If you feel like you haven’t seen many articles from me, you’re right. I finally decided to focus on a personal photography project.
To be fair, this has been stuck in my head for about four years now. Many of you are probably like me in that you tend to have multiple projects going on at the same time. Website updates or creation, submitting images online to sell, contacting design firms and commercial art agencies, and the list goes on. With that comes anything that could be a distraction or excuse NOT to work on it – at least for me.
Personal photography projects help us focus
I’m done not working on my own work. Personal photography projects can help us refocus our focus, get us back on track with our own work, and take us away from the distractions around us. While writing articles is part of my job, it’s still a turn off the path of my own personal projects and photography.
I happen to be someone who is constantly looking for something to distract me from what I really should be focusing on. Trust me, it doesn’t take much.
So while I’m working on this project I thought I’d share some of the process and hopefully it will help you move forward with your own personal projects.
Some steps you can apply to any personal project
Come up with ideas
Coming up with ideas seems like the easy part. I have an endless list of ideas. Ideas wake me up at night and keep me awake. Do yourself a favor, write them down or record them somewhere. No matter how stupid or unattainable they seem, keep an eye on them. They may not bloom right away, but they never go away and this way you’ll be ready to tackle whatever it is when it comes back up.
Research what you need
Fortunately, we have access to so much information (too much I think) that we can easily get help. Need to figure out how to self-publish a book? How about finding out what you need to do to lead local photo tours and all that entails? Do you want to take a series of photos and display them in a gallery?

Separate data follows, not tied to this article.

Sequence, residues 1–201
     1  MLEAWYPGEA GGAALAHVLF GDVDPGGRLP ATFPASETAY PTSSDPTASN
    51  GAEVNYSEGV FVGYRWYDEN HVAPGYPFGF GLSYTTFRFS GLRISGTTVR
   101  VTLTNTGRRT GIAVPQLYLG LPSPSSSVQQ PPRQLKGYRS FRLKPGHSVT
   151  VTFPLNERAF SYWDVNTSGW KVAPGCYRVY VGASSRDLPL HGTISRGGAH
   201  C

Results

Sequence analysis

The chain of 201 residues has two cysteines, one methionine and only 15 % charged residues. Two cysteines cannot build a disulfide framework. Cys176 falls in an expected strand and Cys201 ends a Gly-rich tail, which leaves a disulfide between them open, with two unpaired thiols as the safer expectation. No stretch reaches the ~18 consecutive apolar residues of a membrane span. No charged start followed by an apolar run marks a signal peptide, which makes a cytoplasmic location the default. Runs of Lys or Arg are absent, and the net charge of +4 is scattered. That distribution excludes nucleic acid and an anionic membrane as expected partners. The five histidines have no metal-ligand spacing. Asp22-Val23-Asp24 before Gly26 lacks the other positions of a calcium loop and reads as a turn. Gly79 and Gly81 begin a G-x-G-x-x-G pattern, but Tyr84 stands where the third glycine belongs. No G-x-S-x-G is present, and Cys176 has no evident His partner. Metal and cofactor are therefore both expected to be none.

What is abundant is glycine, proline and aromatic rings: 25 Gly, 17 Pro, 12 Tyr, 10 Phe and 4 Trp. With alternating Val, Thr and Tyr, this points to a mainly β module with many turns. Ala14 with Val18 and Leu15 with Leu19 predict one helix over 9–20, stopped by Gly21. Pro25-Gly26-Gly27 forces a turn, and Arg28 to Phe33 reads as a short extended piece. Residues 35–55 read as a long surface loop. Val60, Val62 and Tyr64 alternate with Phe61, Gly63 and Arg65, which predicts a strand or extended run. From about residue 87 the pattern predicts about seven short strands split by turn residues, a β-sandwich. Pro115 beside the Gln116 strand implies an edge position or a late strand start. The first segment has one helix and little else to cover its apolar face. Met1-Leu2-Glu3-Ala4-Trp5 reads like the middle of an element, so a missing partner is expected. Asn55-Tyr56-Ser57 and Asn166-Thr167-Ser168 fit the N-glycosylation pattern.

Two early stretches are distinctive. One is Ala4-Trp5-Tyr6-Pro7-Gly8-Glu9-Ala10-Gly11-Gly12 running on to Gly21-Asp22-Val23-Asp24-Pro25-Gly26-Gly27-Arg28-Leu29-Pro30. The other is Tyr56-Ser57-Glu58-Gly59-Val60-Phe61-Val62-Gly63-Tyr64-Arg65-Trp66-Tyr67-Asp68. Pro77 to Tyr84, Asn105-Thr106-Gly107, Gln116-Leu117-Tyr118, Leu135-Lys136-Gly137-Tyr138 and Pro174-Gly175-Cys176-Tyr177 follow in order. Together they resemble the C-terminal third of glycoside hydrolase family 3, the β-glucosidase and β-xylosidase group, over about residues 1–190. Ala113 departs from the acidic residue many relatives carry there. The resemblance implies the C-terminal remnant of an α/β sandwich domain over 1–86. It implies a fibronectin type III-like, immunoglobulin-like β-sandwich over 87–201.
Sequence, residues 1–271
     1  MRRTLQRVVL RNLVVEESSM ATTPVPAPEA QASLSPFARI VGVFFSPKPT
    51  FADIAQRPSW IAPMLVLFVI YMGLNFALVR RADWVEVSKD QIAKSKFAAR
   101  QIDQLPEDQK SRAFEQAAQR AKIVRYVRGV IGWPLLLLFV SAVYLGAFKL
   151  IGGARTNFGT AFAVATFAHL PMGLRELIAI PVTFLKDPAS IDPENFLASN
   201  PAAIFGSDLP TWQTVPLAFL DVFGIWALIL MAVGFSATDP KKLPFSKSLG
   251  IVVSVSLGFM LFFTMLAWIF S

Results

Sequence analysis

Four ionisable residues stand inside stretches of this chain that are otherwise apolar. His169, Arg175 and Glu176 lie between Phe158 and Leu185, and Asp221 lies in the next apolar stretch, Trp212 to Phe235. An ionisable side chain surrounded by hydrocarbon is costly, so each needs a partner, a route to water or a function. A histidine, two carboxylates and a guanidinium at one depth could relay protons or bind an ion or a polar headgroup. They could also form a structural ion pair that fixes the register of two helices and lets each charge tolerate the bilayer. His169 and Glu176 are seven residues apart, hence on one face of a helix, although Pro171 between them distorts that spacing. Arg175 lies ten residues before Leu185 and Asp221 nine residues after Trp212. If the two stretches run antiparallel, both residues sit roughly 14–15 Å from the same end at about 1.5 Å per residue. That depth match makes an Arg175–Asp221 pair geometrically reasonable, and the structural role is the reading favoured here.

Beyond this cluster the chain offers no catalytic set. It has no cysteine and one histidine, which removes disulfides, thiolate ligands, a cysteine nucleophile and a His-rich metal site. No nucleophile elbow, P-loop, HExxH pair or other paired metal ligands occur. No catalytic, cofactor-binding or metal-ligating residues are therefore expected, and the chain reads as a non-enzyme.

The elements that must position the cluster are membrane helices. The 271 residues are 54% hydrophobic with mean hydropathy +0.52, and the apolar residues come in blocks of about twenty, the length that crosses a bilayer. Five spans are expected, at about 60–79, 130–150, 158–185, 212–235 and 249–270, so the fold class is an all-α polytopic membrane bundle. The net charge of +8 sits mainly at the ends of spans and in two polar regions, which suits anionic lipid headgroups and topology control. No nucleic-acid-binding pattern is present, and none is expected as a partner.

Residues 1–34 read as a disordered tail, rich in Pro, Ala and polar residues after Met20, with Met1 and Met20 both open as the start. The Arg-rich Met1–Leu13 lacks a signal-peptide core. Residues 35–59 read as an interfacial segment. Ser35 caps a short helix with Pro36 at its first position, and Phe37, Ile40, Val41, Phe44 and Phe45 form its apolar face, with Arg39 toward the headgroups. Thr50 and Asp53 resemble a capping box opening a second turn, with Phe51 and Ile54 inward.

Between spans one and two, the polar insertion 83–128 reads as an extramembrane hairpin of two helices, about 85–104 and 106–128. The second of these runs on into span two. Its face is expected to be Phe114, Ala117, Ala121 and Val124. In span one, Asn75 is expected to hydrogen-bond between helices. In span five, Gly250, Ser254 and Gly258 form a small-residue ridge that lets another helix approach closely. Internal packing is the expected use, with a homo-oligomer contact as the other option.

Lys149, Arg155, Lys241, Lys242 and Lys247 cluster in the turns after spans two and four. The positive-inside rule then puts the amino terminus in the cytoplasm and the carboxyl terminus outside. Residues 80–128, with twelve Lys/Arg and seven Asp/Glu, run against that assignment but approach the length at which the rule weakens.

Whatever the project, find what you can and make the calls you need. Talk to others who have done similar projects. All of this research will help your project come about faster and run much more smoothly.
Just start your personal project
This can be the hardest step. Get started. Now. Do one little thing that gets your project started. Once you start, you get excited about it. When you’re excited about it, you want to work on it and you (me) stop looking for distractions.
Then just keep going. One small step at a time. Edit an image. Write the text that accompanies an image. Make a mock-up book cover. Write your artist biography. Commit yourself to working on your project every day. Even if you do something that you think is so small, it’s still progress.
Hold yourself accountable
Are you not good at being accountable to yourself? Find a way.
Ask a friend, fellow photographer, coach or mentor to become an accountability partner. Have a plan for yourself that you can share publicly or privately with others so that you are accountable to them and yourself for making progress for them to see.
Write about your project. Post updates on social media, your blog, or you know, even write an article about it.
Ask for help
Make sure everyone you tell about your project knows that it’s okay to give you a little push now and then. Ask them to drop by from time to time to ask how your project is going.
If you feel like you’re hitting a wall, reach out to someone and ask for help to just talk you through whatever it is that’s getting you stuck.
What are you waiting for?
Okay, get started. Get started.
Then share your project, the progress or when it is finished. Tell us in the comments or share more about it in the Photofocus Community. These things are always easier when we share.